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Discussion Starter · #1 ·
Okay, I just started measuring my blood sugar yesterday.
I am convinced that LCHF is the way to go.

My first question is, if I test 1 hour after a meal, and I get a "good" result, can I skip testing 2 hours after that meal? For example, my FBS this morning was 97. We were out of groceries, so I ate a serving of peanut butter and drank a 16 oz cup of coffee with 1.5 TBSP of sugar, and 4 TBSP of 1/2 & 1/2.

One hour later my BG was 122. 2 hours later it was 100.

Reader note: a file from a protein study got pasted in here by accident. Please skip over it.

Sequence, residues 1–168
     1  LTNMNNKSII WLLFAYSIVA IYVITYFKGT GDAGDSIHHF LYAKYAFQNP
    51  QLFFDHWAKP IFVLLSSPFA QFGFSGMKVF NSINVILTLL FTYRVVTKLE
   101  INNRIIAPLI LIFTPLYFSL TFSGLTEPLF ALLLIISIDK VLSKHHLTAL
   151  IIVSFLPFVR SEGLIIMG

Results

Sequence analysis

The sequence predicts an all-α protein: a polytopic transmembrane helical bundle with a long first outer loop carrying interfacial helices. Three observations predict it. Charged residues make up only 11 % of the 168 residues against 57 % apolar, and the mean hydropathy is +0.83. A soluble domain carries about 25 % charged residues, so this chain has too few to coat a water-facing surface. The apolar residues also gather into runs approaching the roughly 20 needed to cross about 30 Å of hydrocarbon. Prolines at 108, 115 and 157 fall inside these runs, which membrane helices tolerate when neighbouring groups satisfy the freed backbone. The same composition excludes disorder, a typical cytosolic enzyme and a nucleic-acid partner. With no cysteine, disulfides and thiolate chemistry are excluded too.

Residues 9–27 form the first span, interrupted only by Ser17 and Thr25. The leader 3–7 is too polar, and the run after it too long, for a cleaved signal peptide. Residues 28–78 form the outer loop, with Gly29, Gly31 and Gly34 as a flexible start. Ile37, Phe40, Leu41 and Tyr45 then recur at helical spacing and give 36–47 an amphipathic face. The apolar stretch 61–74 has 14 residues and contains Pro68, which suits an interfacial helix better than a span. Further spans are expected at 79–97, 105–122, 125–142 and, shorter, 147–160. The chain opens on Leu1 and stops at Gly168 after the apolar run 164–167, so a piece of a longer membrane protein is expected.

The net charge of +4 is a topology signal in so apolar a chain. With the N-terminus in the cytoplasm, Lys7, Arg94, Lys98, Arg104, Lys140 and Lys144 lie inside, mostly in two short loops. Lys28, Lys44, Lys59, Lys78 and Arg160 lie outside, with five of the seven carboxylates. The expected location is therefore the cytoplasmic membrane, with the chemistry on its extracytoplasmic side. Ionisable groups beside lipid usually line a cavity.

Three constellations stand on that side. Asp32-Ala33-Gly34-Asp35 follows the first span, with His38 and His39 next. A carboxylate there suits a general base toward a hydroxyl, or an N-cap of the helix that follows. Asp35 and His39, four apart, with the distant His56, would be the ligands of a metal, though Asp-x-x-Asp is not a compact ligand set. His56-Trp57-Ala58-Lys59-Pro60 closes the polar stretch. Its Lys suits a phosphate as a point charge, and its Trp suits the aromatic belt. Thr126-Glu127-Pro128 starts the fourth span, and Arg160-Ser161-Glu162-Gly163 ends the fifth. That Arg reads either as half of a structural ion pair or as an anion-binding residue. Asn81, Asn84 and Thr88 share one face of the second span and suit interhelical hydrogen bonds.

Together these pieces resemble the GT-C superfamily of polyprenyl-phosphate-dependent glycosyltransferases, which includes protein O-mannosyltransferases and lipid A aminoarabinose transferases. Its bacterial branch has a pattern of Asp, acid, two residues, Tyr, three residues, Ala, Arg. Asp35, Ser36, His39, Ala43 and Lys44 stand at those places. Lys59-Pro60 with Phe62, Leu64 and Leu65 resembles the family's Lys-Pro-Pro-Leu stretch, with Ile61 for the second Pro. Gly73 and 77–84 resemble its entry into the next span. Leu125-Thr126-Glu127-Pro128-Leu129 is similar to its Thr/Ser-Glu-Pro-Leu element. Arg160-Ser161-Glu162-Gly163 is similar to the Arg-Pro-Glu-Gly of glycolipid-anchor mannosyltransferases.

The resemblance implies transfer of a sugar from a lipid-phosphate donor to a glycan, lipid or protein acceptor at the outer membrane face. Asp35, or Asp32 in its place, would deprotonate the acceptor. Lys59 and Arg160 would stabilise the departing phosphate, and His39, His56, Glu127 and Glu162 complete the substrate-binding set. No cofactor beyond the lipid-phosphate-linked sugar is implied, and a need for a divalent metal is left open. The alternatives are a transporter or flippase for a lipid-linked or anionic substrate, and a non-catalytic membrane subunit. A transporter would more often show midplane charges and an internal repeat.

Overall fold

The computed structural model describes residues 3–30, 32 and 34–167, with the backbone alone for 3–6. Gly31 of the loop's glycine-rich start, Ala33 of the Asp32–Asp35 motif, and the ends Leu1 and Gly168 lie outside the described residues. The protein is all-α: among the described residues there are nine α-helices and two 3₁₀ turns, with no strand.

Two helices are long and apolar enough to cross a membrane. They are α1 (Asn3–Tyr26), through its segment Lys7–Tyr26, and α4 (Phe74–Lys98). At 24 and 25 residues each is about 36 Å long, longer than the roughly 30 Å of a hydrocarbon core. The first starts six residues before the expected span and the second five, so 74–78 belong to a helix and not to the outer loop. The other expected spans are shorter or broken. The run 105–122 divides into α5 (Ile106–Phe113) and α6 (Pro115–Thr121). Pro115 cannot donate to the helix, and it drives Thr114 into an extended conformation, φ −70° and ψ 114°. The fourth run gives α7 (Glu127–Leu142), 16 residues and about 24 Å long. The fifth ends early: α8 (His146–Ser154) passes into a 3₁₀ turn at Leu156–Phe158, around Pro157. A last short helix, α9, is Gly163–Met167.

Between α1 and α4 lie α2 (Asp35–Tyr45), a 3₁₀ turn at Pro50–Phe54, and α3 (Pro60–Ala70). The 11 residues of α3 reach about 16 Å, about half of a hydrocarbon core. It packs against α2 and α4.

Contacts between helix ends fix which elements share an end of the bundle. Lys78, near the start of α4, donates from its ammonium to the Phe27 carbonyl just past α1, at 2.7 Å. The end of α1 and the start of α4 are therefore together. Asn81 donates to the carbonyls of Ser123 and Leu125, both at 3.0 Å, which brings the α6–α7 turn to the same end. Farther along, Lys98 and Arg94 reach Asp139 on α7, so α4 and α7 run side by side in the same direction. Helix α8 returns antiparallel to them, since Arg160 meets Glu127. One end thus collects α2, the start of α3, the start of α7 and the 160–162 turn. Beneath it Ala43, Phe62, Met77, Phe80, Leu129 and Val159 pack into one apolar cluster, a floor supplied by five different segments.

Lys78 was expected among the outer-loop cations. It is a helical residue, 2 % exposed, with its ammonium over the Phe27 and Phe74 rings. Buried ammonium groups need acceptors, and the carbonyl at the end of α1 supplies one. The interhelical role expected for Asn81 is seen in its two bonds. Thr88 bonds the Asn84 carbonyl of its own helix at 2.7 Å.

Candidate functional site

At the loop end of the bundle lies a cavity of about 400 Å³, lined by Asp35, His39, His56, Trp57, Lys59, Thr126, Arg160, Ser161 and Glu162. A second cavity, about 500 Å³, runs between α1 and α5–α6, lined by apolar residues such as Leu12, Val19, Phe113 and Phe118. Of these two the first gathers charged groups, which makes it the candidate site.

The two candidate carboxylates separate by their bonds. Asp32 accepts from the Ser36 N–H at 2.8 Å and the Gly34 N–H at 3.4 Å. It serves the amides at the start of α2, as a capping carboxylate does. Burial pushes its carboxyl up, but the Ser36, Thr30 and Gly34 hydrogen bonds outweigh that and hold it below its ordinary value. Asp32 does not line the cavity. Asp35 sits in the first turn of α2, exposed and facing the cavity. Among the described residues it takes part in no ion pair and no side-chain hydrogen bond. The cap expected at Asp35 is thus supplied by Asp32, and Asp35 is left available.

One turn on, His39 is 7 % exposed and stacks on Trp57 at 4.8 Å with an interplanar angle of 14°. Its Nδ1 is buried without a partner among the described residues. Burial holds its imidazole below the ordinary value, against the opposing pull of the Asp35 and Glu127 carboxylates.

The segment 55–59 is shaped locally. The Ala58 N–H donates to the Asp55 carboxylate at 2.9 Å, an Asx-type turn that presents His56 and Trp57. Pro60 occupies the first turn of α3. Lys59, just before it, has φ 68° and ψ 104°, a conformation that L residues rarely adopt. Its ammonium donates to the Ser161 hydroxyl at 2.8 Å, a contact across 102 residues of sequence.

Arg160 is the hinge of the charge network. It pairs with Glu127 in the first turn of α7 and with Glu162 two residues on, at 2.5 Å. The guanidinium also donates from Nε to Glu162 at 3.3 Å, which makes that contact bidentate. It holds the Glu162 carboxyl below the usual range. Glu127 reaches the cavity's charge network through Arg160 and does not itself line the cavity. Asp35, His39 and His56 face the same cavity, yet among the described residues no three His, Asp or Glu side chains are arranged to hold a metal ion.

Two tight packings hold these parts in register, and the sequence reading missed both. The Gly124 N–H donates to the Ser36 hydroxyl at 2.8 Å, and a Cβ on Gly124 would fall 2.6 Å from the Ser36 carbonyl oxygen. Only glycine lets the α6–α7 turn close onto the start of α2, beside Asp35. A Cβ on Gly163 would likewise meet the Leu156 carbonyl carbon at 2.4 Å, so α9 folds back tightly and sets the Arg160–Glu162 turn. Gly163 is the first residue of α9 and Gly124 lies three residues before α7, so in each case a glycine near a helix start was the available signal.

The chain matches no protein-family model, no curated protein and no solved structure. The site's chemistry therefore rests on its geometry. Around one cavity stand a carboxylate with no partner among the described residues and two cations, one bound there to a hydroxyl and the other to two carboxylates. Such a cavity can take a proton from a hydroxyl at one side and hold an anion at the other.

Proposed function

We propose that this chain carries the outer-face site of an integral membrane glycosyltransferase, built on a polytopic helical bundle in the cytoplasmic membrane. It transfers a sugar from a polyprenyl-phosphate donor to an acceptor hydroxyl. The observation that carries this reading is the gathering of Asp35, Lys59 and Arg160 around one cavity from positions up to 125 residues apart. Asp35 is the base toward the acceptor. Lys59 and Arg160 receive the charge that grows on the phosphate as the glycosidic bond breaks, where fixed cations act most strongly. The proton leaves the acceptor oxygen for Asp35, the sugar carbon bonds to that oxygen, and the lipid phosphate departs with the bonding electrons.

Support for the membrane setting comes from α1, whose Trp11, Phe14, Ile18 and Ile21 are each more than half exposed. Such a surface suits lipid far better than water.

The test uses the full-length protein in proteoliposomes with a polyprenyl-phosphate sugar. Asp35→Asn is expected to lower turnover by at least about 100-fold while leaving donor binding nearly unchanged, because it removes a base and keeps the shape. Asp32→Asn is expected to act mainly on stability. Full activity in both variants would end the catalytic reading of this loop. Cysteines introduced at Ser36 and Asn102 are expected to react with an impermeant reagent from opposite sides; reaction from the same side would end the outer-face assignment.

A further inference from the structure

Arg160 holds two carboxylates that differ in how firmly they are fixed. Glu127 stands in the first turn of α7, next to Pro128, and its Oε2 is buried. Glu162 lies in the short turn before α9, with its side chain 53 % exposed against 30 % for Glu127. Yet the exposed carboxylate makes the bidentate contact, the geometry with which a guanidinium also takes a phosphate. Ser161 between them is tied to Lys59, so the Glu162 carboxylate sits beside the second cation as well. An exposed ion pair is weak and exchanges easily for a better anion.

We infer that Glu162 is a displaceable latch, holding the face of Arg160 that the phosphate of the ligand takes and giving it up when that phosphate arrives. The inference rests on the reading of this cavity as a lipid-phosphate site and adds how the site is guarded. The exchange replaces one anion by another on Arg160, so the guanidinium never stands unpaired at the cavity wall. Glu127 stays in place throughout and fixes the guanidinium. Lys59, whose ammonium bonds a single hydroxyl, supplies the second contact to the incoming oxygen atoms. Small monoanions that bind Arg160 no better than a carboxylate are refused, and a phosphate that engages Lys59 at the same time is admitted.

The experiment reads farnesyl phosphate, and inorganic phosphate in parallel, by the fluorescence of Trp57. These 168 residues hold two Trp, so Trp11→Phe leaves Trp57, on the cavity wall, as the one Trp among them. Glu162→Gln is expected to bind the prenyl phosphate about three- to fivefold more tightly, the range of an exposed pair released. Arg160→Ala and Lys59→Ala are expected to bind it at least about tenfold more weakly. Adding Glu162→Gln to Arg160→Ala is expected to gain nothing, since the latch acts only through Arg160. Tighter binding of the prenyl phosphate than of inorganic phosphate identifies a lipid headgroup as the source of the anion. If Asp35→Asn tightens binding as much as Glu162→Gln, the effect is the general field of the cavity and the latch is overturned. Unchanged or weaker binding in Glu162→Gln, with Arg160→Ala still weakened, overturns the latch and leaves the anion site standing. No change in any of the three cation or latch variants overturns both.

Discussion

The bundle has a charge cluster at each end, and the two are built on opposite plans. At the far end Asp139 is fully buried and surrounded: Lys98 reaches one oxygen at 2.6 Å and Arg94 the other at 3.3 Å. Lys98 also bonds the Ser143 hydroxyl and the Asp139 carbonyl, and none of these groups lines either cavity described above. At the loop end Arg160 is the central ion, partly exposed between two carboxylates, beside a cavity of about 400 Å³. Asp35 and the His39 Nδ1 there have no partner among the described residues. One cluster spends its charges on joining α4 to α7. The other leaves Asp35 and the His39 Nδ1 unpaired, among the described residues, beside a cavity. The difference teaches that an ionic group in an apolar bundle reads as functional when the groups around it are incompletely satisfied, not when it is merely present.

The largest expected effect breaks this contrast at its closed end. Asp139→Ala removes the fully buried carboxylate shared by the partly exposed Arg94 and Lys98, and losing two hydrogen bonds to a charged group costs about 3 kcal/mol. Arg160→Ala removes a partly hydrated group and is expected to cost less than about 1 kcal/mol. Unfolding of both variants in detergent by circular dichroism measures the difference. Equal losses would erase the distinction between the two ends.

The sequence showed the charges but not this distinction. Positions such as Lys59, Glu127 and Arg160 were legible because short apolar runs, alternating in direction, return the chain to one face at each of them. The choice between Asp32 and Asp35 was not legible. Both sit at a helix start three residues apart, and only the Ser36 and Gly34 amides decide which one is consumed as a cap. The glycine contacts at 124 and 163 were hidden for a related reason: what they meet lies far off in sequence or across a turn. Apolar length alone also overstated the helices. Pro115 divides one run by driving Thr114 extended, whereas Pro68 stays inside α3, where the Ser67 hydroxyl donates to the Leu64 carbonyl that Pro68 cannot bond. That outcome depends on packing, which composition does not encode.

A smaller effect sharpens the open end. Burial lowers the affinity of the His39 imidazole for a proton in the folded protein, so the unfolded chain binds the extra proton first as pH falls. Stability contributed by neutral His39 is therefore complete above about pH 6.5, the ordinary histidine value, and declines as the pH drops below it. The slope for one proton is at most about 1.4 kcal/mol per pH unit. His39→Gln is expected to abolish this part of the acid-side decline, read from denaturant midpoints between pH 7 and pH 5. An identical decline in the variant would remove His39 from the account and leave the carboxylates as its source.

For lunch I made a smoothie with OJ, frozen strawberries, bananas, raw eggs, and fish oil. (I worked out the nutritional data on it if you need that to answer my questions, let me know). I had 1/2 the amount that I used to. One hour later my BG was 118. 2 hours later it was 87.

I had oven-roasted, boneless, skinless chicken thighs, organic agave-sweetened bar-b-que sauce and steamed (frozen) broccolli with butter for dinner. I forgot to set my timer so I think I was about 15 minutes late testing. So 1.25ish hours after dinner I got a reading of 109 and didn't test again because saving money on strips would be good.

Also, according to what I've read on the forum, my carb intake is on the high side of things. I was at 62 grams of carbs and haven't done my calculations on dinner yet.